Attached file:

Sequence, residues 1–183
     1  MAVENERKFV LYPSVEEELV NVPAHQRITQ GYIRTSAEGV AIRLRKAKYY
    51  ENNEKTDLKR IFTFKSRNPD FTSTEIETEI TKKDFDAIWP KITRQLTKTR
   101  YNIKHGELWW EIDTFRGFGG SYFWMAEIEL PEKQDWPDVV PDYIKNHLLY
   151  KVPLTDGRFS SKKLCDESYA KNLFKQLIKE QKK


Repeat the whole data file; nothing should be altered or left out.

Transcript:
Sequence, residues 1–183
     1  MAVENERKFV LYPSVEEELV NVPAHQRITQ GYIRTSAEGV AIRLRKAKYY
    51  ENNEKTDLKR IFTFKSRNPD FTSTEIETEI TKKDFDAIWP KITRQLTKTR
   101  YNIKHGELWW EIDTFRGFGG SYFWMAEIEL PEKQDWPDVV PDYIKNHLLY
   151  KVPLTDGRFS SKKLCDESYA KNLFKQLIKE QKK